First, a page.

Nation seeks export stability
Updated: 2011-12-15 07:55
By Ding Qingfen (China Daily)
Conditions next year expected to be complicated and severe, official says
BEIJING - With the global economic picture looking grim, China will try to steady the growth of its exports next year by stabilizing its foreign trade policy and promoting industrial transformation, according to Chinese government officials.
The three-day meeting ended on Wednesday in Beijing, with the government having mapped out the nation's economic policies for next year.
As demand from the European Union in particular weakens, exporters face challenges, as shipment growth steadily slides and is likely to drop to zero next year.
"China will try to maintain stable and continuous policies for foreign trade, while it will actively enlarge imports to balance trade," said the documents.
According to the General Administration of Customs, export growth shrank further in November, and overseas sales are up just 13.8 percent from a year ago, the smallest gain since 2009.
Reflecting the impact of the continuing European debt crisis, exports to the EU, China's top trade partner, edged up only 5 percent this past month, one-quarter of the pace in July and August.
Sales to Germany, the EU's biggest economy, fell 1.6 percent, while those to Italy dropped for a third month.
Vice-Minister of Commerce Zhong Shan said at a trade meeting on Tuesday that conditions in 2012 will be more complicated and severe, and China will act to maintain export growth, including encouraging industrial transformation for the export sector.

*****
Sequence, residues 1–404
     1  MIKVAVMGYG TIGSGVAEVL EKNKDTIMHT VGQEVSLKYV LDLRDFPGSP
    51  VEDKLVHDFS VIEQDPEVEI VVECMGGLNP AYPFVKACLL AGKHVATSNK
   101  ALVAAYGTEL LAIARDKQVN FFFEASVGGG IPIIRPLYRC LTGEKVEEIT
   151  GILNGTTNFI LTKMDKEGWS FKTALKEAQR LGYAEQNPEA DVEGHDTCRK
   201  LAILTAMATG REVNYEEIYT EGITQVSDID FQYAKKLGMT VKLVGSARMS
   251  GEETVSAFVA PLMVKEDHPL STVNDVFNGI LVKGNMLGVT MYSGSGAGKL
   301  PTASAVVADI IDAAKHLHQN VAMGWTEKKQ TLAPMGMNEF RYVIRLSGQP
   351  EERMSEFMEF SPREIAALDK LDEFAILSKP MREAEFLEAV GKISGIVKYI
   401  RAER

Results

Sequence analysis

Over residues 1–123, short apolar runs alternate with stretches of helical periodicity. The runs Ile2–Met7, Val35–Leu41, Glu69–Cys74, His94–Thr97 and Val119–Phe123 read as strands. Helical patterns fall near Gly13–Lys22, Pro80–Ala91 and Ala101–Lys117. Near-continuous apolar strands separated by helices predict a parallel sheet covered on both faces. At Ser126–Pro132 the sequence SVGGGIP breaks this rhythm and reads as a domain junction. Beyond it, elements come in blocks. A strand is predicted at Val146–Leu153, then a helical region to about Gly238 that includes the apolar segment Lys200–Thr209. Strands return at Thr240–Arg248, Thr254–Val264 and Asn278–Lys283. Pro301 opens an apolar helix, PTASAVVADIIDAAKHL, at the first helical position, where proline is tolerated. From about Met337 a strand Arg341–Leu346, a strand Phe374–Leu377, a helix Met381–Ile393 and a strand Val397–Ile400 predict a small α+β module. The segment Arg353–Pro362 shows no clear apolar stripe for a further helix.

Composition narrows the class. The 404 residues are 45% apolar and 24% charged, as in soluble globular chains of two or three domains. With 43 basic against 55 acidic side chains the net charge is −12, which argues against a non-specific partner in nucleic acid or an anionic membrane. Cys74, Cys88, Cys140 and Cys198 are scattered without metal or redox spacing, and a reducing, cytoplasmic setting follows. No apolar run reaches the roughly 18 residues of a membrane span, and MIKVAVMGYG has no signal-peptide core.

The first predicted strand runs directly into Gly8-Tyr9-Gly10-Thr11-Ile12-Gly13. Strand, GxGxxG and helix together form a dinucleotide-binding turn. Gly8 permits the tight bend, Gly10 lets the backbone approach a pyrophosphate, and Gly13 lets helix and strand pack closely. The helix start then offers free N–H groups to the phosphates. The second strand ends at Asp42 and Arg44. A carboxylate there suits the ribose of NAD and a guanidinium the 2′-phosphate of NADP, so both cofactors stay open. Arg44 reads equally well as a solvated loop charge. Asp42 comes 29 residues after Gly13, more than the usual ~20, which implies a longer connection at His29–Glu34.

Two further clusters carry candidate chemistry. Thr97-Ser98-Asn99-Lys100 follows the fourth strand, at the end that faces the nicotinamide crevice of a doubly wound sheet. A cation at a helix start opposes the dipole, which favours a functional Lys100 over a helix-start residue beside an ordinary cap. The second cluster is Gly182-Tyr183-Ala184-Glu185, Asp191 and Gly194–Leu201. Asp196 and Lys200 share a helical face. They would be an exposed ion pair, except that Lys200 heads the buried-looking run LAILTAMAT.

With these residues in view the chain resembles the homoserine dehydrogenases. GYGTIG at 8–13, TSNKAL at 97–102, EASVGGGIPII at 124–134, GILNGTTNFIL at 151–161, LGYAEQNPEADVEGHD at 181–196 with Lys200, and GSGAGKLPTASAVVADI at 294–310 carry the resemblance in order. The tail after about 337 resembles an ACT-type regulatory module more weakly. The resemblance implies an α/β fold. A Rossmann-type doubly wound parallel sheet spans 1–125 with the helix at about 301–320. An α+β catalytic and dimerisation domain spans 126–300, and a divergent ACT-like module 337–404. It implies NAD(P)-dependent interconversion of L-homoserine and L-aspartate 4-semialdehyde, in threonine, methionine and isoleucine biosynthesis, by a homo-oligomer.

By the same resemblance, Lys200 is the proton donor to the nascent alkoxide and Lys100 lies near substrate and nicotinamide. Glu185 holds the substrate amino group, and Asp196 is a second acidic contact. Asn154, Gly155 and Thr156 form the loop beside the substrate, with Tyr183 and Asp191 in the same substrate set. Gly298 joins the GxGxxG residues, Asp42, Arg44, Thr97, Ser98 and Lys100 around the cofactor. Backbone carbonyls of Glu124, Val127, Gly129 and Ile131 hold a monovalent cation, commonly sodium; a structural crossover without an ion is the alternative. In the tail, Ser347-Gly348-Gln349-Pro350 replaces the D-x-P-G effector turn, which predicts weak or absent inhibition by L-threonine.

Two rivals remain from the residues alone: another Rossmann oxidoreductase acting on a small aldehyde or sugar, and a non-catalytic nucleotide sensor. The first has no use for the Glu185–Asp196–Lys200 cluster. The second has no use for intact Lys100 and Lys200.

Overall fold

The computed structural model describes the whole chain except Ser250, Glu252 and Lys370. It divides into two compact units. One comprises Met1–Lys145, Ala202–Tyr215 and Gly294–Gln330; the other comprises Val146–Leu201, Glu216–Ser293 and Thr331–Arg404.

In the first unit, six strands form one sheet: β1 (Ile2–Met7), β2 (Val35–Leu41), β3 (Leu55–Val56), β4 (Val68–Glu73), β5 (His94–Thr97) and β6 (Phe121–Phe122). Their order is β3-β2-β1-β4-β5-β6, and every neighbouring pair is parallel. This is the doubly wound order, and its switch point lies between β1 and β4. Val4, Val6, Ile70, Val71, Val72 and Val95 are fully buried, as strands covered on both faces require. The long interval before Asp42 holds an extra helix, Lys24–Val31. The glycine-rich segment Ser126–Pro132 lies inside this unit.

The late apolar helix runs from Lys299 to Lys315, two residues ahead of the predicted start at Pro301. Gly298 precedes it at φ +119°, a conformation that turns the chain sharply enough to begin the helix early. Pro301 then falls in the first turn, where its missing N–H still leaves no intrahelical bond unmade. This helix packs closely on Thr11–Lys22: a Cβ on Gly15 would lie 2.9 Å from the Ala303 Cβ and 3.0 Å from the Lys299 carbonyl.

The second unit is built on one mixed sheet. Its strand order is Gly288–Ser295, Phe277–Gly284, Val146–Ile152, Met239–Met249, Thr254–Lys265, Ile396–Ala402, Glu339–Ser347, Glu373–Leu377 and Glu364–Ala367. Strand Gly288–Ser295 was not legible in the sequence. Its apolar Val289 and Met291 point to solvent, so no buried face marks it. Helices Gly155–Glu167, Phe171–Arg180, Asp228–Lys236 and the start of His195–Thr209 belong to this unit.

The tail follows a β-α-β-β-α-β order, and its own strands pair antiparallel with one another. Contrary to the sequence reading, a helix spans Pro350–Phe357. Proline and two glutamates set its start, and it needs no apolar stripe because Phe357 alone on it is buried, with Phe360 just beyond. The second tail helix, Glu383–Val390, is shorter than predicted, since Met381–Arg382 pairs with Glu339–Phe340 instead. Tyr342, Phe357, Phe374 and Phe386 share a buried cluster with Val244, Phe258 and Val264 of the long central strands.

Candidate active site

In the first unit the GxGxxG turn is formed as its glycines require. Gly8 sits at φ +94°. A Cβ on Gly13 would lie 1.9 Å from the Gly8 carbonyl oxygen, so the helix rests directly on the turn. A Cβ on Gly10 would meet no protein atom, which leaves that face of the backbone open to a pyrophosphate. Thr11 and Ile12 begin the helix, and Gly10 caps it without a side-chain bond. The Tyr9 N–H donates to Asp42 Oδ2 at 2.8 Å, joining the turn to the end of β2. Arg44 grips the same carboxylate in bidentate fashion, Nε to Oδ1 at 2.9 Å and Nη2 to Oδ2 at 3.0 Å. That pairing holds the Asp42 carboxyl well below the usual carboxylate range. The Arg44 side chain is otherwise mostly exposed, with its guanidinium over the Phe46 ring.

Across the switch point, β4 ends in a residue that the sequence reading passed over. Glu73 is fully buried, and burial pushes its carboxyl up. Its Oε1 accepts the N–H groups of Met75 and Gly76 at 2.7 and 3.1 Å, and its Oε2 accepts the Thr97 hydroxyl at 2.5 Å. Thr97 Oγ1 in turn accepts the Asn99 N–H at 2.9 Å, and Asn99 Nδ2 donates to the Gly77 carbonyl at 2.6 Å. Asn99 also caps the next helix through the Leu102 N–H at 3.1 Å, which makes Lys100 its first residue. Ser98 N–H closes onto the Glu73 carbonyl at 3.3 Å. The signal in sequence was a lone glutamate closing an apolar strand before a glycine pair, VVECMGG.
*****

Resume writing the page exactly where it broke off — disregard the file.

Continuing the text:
Maintaining stable export growth "is the current priority for the Chinese government, although enlarging imports is also important", said Huo Jianguo, president of the Chinese Academy of International Trade and Economic Cooperation, a think tank under the Ministry of Commerce.
China's third-quarter economic expansion slowed to 9.1 percent, and experts have forecast that GDP growth will fall below 9 percent.
The government has pledged to increase domestic consumption to boost the economy.
"Stable export growth is very pressing at the moment, while China's economy is slowing down, but promoting domestic consumption is a long-term task," he said.
The documents also said that China will encourage foreign businesses to invest in the nation's central and western regions, opening wider in the service sector.
China has been the largest destination for foreign direct investment for more than a decade, President Hu Jintao said on Sunday at a ceremony marking the 10th anniversary of the nation's entry into the World Trade Organization.
China will further open its economy in the next decade, including the service sector, to draw more foreign investment.
In terms of overseas investment, China will "deepen international cooperation in infrastructure", said the documents.
The China Investment Corp, the nation's main sovereign wealth fund, plans to invest in the infrastructure sector in developed countries, starting with the United Kingdom.